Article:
Improving Air Quality (and weather) Predictions in Asia via Application of New Data Assimilation Techniques Applicable to Coupled Models

Tuesday, 16 December 2014: 4:00 PM
Gregory R Carmichael1, Meng Gao2, Zifa Wang3, Pablo E Saide1, Jhoon Kim4, Chul H. Song5, Yafang Cheng6 and Myungie Choi4, (1)The University of Iowa, Iowa City, IA, United States, (2)Univ Iowa, Iowa City, IA, United States, (3)LAPC, Beijing, China, (4)Yonsei University, Seoul, South Korea, (5)GIST Gwangju Institute of Science and Technology, Environmental Science and Engineering, Gwangju, South Korea, (6)Max Planck Institute for Chemistry, Mainz, Germany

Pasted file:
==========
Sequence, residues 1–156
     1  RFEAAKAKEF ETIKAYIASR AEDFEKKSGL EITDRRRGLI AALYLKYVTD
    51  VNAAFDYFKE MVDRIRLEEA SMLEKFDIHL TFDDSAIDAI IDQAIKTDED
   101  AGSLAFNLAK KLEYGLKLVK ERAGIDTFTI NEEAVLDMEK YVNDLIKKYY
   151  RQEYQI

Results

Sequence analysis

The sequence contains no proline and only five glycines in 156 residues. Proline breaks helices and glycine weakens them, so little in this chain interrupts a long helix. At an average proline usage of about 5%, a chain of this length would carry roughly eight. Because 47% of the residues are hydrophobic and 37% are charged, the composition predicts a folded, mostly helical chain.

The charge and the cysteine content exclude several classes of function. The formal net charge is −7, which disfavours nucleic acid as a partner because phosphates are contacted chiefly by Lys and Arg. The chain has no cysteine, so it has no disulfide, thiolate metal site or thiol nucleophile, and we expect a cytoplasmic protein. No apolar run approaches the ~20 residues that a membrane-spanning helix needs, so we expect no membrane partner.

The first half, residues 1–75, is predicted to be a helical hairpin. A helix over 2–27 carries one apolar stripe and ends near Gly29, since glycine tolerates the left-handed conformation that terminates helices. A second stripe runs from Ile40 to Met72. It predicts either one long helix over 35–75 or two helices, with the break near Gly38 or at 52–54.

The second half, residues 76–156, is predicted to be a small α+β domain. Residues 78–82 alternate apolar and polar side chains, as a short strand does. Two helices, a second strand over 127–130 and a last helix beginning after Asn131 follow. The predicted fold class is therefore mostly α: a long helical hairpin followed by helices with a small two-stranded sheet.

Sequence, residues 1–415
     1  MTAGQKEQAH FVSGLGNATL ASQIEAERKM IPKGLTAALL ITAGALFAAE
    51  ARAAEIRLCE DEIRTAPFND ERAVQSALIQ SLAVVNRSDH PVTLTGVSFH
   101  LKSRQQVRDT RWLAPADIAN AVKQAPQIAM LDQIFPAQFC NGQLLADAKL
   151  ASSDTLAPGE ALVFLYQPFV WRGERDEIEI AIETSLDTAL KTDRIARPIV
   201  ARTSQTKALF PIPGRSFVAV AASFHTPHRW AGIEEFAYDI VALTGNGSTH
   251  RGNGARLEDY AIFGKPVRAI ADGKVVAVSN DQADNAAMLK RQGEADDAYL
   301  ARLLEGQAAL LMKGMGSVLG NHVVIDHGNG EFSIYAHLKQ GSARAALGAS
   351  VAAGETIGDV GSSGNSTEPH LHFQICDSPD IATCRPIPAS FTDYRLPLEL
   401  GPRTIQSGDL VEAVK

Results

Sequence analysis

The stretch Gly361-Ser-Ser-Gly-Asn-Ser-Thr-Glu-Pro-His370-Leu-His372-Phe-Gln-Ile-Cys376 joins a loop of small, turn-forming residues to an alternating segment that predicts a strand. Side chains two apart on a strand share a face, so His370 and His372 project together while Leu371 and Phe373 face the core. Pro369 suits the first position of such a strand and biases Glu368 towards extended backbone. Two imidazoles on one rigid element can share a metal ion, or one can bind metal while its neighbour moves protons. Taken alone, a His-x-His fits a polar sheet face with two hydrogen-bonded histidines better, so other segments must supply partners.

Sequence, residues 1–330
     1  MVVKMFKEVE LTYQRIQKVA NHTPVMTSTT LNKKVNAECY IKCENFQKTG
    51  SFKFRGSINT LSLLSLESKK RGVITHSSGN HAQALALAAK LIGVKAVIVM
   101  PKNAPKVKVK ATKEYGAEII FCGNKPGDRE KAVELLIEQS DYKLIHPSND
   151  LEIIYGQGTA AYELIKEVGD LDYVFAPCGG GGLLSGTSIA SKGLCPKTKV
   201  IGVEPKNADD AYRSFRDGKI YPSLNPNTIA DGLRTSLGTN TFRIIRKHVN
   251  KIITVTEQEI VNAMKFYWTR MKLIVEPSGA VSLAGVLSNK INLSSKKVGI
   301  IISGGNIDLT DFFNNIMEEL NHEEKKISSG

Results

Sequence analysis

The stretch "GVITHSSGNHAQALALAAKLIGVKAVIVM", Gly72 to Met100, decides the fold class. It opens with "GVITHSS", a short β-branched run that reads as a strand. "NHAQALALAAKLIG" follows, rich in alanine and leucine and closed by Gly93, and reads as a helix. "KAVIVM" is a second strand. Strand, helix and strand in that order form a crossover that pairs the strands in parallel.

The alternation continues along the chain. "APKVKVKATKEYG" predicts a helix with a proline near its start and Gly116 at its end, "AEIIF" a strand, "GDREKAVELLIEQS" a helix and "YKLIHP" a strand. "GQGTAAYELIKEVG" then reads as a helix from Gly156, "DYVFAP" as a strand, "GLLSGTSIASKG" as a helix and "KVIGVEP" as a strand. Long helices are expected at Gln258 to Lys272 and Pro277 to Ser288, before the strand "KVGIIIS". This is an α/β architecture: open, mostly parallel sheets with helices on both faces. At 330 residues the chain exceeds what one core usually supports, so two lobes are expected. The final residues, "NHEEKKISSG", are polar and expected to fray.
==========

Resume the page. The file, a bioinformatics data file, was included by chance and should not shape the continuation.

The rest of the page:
Aerosol loading are high in large parts of Asia, with direct impacts on human health and on the Earth’s weather and climate systems through their interactions with radiation and clouds. Their role is dependent on their distributions of size, number, phase and composition, which vary significantly in space and time. There remain large uncertainties in simulated aerosol distributions due to uncertainties in emission estimates and in chemical and physical processes associated with their formation and removal. These uncertainties lead to large uncertainties in weather and air quality predictions and in estimates of health and climate change impacts. Despite these uncertainties and challenges regional-scale coupled chemistry-meteorological models such as WRF-Chem have significant capabilities in predicting aerosol distributions and explaining aerosol-weather interactions. In this talk we explore the hypothesis that new advances in on-line, coupled atmospheric chemistry/meteorological models, and new emission inversion and data assimilation techniques applicable to such coupled models, can be applied in innovative ways using current and evolving observation systems to predictions of aerosol distributions at regional scales. We present results that show that the addition of geostationary data to other data sources, improves air quality predictions, and reduce uncertainties in health assessments and climate studies.